The name on the window said Maron, and inside were candy counters and an ice cream parlor. I was walking along Philadelphia's Chestnut Street and, for a second, I was back home 40 years ago. I thought of the old Baltimore Maron and couldn't help remembering all the revered but now-vanished foods once distinctive to the city.

Do unattainable foods resonate better in our memories? I'm sorry, but the fountain Coca-Colas of my youth, made by a uniformed drugstore soda fountain employee, were superior to today's bottled Cokes.

Don't get your hopes up about the Philadelphia Maron being a duplicate of Baltimore's. They share a name, and may have once been connected in some form decades ago, but my research shows no taste connection. The candy makers at the Baltimore store, which closed about 35 years ago, made their own marzipan, which we consumed with enthusiasm. Regular customers had their favorite selections of candy recorded on file cards.

There's another obvious Philadelphia-Baltimore food comparison. Pennsylvania and New York had automats and cafeterias called Horn and Hardart, while Baltimore's version (a branch of the same family) was a bustling East Baltimore street lunchroom called Horn & Horn. Philadelphians grow rhapsodic about their baked beans and hearty comfort foods. Baltimoreans knew better. Our H&H; version served far tastier fare.

This fall I've been craving a meal that no amount of yearning will deliver. On Saturday afternoons I'd love to plow into a plate of the old Marconi's beef jardiniere, a dish of tender beef surrounded by fresh peas and carrots, all served in the formal parlor of the 1840 Saratoga St. rowhouse.

Peas, carrots and beef sound ordinary, but it was anything but. The Marconi chefs put the taste into their dishes. The entire menu was full of food curiosities, including three forms of sweetbreads and four versions of potatoes - au gratin, julienne, hash brown and lyonnaise. Their chocolate sundae could make you weep.

Maybe Baltimoreans didn't appreciate at the time how good we had it, but our local ice cream was very good. It seemed as if Hendler's ice cream was sold on every other corner. Its three elemental flavors - vanilla, chocolate and strawberry - were excellent, as was its coffee.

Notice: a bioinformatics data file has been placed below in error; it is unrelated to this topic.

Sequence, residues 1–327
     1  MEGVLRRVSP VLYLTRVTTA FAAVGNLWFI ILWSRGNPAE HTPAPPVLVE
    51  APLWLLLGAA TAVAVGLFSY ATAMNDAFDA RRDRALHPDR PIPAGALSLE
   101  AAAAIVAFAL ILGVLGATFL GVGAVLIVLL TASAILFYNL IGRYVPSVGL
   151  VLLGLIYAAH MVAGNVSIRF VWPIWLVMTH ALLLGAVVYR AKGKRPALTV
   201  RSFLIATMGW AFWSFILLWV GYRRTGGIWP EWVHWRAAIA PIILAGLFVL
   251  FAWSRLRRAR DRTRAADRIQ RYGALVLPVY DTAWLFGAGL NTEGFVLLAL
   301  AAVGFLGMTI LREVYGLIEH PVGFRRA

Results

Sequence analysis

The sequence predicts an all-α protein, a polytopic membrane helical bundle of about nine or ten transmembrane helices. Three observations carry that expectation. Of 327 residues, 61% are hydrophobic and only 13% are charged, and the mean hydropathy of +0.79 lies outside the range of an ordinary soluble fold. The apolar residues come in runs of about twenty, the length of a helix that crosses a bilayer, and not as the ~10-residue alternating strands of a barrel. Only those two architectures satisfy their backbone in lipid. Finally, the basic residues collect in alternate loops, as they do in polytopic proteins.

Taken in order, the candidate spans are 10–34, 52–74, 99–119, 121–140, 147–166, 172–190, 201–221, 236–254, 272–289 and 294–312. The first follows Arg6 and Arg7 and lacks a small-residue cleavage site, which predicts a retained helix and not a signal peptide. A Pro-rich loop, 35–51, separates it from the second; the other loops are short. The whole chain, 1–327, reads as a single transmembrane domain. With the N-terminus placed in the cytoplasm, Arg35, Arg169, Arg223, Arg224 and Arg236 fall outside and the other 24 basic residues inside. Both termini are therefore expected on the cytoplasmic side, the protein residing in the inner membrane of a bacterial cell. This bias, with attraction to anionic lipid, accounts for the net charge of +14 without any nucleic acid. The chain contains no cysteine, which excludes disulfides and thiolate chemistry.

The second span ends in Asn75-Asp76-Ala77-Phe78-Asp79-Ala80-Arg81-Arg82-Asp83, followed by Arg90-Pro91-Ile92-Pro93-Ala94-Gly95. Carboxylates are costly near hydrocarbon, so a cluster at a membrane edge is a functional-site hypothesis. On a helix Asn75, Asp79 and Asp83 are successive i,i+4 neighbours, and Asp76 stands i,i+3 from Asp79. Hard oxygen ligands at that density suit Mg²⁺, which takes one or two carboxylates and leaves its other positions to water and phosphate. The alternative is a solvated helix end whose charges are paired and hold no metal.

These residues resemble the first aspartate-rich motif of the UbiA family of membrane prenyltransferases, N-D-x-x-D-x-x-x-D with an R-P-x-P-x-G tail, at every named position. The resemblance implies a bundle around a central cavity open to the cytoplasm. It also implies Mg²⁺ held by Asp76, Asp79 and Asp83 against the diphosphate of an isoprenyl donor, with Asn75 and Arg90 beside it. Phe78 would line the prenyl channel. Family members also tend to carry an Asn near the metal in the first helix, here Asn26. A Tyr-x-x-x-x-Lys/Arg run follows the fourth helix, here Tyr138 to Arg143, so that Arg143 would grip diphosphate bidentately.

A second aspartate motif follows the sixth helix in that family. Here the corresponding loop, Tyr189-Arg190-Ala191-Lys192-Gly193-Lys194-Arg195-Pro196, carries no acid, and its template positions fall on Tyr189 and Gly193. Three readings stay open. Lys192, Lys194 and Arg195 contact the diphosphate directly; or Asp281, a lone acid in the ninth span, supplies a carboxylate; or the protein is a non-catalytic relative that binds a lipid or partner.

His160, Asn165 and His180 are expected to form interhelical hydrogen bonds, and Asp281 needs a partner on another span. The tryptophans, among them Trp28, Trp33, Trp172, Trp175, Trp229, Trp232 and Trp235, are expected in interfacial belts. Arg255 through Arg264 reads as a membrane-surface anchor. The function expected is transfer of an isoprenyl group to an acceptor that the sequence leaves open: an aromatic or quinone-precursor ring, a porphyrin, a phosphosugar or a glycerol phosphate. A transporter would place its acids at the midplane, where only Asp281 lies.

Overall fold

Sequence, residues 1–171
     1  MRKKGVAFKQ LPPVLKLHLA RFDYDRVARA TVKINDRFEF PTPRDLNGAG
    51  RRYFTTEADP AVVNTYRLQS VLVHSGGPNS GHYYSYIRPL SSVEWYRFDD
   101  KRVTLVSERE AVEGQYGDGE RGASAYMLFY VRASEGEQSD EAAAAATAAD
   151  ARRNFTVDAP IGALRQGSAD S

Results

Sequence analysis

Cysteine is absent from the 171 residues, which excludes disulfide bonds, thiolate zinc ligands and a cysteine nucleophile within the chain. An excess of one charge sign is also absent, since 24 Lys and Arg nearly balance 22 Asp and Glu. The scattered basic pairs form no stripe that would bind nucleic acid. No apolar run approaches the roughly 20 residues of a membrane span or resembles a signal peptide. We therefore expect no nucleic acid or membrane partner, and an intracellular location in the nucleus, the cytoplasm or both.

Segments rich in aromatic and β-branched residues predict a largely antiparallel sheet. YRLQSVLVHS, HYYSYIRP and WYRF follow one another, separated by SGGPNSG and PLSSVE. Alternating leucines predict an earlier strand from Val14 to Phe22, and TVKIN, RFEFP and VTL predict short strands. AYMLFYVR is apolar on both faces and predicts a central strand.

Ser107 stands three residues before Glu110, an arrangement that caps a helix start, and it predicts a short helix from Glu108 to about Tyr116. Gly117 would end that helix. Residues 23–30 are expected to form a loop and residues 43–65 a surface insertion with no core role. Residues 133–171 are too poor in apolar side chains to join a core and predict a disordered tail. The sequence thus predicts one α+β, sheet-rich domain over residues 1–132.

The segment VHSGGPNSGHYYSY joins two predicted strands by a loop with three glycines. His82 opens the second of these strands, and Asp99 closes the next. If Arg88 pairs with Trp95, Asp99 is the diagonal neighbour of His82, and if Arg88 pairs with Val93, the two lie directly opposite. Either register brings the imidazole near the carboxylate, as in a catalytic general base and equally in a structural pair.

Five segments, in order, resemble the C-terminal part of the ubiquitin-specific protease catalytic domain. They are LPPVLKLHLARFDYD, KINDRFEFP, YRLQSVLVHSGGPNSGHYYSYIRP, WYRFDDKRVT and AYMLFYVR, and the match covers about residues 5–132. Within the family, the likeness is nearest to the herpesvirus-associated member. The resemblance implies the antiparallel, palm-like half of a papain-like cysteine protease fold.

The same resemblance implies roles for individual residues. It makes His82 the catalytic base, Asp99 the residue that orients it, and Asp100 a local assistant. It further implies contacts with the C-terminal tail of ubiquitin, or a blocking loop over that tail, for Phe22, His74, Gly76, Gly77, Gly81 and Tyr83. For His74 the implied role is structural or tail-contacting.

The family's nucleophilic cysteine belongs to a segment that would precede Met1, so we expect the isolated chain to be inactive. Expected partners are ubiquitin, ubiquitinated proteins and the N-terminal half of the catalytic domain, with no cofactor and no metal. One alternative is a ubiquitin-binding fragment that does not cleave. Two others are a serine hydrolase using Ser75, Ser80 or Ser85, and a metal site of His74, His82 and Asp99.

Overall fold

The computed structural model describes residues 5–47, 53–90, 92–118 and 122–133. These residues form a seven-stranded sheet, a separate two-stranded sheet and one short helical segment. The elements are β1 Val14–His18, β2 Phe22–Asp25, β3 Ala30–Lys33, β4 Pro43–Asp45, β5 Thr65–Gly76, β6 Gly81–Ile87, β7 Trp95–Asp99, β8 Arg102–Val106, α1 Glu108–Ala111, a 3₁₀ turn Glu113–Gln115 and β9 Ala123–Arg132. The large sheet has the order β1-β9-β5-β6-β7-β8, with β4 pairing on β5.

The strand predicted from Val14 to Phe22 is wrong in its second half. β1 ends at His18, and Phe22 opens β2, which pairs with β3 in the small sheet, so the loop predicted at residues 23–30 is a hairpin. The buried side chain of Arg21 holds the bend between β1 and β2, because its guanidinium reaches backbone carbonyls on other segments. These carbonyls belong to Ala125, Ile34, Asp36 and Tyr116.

I can still taste Castle Farm's vanilla ice cream sold at Lexington Market. It was dense, snowy white and full of Western Maryland butterfat (the cows were near Emmitsburg). When topped with fresh South Mountain peaches, look out. Castle Farms buttermilk was also incredible.

Lexington Market was the home of unassuming Baltimore food treasures that spoke for themselves long before the foodies came to prominence. The homemade relishes (including chow chow) at the old Panzer pickle counter were addictive. Panzer's sauerkraut was pretty wonderful, too.

It cost all of 60 cents a pound in the 1960s, but Ortmueller's taffy (also at Lexington Market) could send you to the dentist's office, willingly. It was a hard-chewing taffy (unlike saltwater taffy) that the counter clerks shattered with a small hammer. I liked the molasses version, but a toasted coconut was awesome, too.

People swooned over Silber's dark rye bread. How about the Harley sandwich shop's special sauce?

Salads? Claudia Coffey, a legendary Baltimore waitress, created her own distinctive salad at the old Pimlico Hotel. It became known as the Coffey salad, made of chopped lettuce, onion and anchovies. Its cousin was the Marconi salad, also chopped and full of egg and anchovy.

And what of the lowly, once common Baltimore bun, never called a Danish? With its cinnamon-redolent dough, raisins and white-sugar frosting, it was what you got in the days before bagels and muffins took over.

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